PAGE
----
Industrial safety activities are designed to protect the workers in the industrial environment. There are extensive standards imposed by the federal codes of regulations which provide for a safe workplace. Few, if any, of these apply to protection of a product being manufactured. The contractor system safety program is designed so that it supplements industrial safety activities to protect equipment and property being used or manufactured under contract. Use of contractor-owned or leased equipment is also subject to review. The figures below compare the concerns of system safety versus industrial safety.
When contractor-owned or leased equipment is being used in manufacturing, testing, or handling products being produced under contract, the system safety effort is required to analyze such equipment and require operational proof tests. This is done to show that risk of damage to the product has been minimized with proper design, maintenance, and operating procedures and to assure the equipment is operated by qualified personnel.
The contractor is required by law to implement these regulations. The contracted system safety effort is concerned only to the extent that these regulations affect the operation of the system being built and that risk of damage to government equipment and the product being developed has been minimized.
The system safety activity is conducted to complement the industrial safety activities by addressing occupational safety and health needs in system design analysis and manufacturing planning. Often the interface between the two safety functions is not covered or is insufficient. This may leave gaps in the overall mishap prevention program.
For example, in one case, a satellite was being assembled and checked out in a controlled area; however, during the night, the plastic cover on a mercury-vapor light melted and the hot plastic, which dripped on some papers that were left on a wooden bench, started a fire. Before the fire was detected, most of the support and checkout equipment was badly damaged. Also, the dense smoke caused extensive damage and contamination to solar cells and other sensitive equipment.
When the system safety manager was asked what his analysis had indicated in this area, he said, “We didn’t look at that. That’s industrial safety.” When the industrial safety manager was asked when last he looked into the area, he responded, “They were testing a satellite in there. That is system safety’s job.” Further investigation showed that the system safety analysis had considered this problem and recommended metal benches be used. However, this analysis was not made available to the industrial safety people, and no follow-up action had been taken on the recommendation. While this is an example of bad management, by both system and industrial safety, this attitude is far too prevalent to be ignored.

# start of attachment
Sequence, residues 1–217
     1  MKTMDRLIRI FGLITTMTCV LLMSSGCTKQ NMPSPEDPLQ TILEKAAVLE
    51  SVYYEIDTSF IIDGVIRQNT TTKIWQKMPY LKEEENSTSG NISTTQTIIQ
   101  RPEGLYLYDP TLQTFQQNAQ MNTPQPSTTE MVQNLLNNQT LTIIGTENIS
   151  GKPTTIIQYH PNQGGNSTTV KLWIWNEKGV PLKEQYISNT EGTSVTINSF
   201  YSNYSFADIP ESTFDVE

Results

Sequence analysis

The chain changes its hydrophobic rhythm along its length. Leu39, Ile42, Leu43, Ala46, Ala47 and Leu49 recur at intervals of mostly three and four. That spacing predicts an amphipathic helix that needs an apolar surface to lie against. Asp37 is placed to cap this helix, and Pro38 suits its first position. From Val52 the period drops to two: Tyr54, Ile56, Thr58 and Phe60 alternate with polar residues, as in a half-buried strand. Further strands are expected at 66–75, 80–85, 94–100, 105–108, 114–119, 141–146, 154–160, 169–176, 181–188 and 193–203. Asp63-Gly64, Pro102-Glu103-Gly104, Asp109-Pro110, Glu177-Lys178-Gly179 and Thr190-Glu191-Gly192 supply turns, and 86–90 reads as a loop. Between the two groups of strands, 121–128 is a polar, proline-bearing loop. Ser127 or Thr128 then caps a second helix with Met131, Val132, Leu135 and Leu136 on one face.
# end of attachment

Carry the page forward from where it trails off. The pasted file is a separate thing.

Methods must be developed within each program which allow system and industrial safety engineers to adapt to each others needs. During early program planning, a cooperative industrial safety effort is needed to write the system safety program plan (SSPP) so that it includes industrial safety operations. An agreement must be reached on how to separate those functional elements which are required by contract and those required by law. This should be done carefully to avoid payment for contractual tasks which also are paid for as overhead. This separation must take place without loss of the cooperative effort necessary to take full advantage of the methods and talents that are available in both functions. MIL-STD-882 provides an option for the contractor to conduct the system safety program so that it complements existing industrial safety activities to assure protection of government equipment and property. To accomplish the task, the contractor has to know the concerns and requirements of each function. Once this is understood, it becomes obvious where the overlapping concerns are. Then, agreements can be reached on which functional element will deal with the overlap. A description of how these areas are to be addressed is then included in the SSPP. Joint analyses and risk assessments are performed and should be included in the Mishap Risk Assessment Report.
Source: USAF System Safety Handbook.
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